Physician Group Warns of “New Nerve Gas Attacks”

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Recent nerve-gas attacks on civilians suggest the need for better preparedness, writes Steven Hatfill. M.D., in the spring issue of in the Journal of American Physicians and Surgeons.

In 2017, Kim Jong-nam, the half-brother of the North Korean president Kim Jong-un, was assassinated at the Kuala Lumpur International Airport in Malaysia, with a form of the V-series of nerve agents developed by the British in the late 1950s. In 2018, there were several poisonings in England, apparently involving Russian Novichok (“Newcomer”) agents. These were thought to be related to the attempted assassination of former Russian double agent Sergei Skripal.

Russia is believed to have made significant advances in chemical warfare agents during the Cold War, despite the Chemical Weapons Convention. The highly classified Novichok agents may be 10 times as potent as VX and designed to circumvent NATO countermeasures and detection equipment.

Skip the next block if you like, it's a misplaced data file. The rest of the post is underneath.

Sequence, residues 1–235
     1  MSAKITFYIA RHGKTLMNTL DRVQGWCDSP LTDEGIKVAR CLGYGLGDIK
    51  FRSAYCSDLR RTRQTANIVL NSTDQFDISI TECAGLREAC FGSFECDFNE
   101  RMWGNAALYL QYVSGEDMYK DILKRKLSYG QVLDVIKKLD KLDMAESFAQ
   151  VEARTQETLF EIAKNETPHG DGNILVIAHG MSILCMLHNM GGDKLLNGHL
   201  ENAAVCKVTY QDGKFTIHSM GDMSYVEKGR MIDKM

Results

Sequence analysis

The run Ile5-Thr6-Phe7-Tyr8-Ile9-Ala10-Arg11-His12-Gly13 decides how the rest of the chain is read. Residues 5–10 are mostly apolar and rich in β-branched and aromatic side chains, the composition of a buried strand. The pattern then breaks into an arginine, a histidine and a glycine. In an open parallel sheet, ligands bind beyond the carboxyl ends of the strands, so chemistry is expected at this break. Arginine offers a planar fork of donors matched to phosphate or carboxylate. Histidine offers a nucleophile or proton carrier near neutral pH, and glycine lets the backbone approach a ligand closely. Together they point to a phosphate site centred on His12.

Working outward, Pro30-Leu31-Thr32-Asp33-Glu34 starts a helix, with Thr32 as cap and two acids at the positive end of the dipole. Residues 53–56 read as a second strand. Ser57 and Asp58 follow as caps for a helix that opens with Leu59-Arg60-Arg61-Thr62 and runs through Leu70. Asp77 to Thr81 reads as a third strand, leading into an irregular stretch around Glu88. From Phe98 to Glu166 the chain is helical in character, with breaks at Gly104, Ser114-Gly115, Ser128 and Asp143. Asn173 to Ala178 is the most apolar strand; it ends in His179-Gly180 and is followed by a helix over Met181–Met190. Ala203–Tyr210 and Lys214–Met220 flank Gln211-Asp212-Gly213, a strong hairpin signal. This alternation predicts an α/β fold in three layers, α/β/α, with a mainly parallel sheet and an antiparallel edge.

Civilian physicians need to be aware of the symptoms and signs of chemical weapons exposure, as antidotes must be administered quickly, effective protective gear must be used by responders, and proper decontamination and waste management must be employed.

Dr. Hatfill summarizes clinical findings and principles of management to aid civilian authorities in recognizing that an attack has occurred and in formulating a stopgap response until expert resources can arrive.

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